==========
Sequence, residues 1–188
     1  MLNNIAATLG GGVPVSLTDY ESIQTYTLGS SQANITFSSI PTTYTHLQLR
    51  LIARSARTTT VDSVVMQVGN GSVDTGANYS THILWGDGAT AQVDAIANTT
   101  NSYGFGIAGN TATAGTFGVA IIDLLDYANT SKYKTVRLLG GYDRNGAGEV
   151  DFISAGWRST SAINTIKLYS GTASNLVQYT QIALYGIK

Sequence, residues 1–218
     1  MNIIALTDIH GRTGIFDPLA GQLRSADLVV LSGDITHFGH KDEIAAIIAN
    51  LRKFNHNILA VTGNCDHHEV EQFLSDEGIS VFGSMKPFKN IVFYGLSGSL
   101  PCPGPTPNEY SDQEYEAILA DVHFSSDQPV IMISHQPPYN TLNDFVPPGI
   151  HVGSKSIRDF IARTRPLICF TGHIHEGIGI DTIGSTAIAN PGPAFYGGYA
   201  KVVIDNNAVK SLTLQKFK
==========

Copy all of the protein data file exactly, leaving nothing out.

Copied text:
Sequence, residues 1–188
     1  MLNNIAATLG GGVPVSLTDY ESIQTYTLGS SQANITFSSI PTTYTHLQLR
    51  LIARSARTTT VDSVVMQVGN GSVDTGANYS THILWGDGAT AQVDAIANTT
   101  NSYGFGIAGN TATAGTFGVA IIDLLDYANT SKYKTVRLLG GYDRNGAGEV
   151  DFISAGWRST SAINTIKLYS GTASNLVQYT QIALYGIK

Sequence, residues 1–218
     1  MNIIALTDIH GRTGIFDPLA GQLRSADLVV LSGDITHFGH KDEIAAIIAN
    51  LRKFNHNILA VTGNCDHHEV EQFLSDEGIS VFGSMKPFKN IVFYGLSGSL
   101  PCPGPTPNEY SDQEYEAILA DVHFSSDQPV IMISHQPPYN TLNDFVPPGI
   151  HVGSKSIRDF IARTRPLICF TGHIHEGIGI DTIGSTAIAN PGPAFYGGYA
   201  KVVIDNNAVK SLTLQKFK